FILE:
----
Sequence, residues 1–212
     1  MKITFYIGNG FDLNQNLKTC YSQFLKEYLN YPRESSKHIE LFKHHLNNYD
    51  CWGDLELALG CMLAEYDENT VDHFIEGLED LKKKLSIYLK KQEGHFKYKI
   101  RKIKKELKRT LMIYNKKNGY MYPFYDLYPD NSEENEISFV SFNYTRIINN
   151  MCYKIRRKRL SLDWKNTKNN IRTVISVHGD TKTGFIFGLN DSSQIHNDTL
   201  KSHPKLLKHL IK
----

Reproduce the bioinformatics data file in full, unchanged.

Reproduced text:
Sequence, residues 1–212
     1  MKITFYIGNG FDLNQNLKTC YSQFLKEYLN YPRESSKHIE LFKHHLNNYD
    51  CWGDLELALG CMLAEYDENT VDHFIEGLED LKKKLSIYLK KQEGHFKYKI
   101  RKIKKELKRT LMIYNKKNGY MYPFYDLYPD NSEENEISFV SFNYTRIINN
   151  MCYKIRRKRL SLDWKNTKNN IRTVISVHGD TKTGFIFGLN DSSQIHNDTL
   201  KSHPKLLKHL IK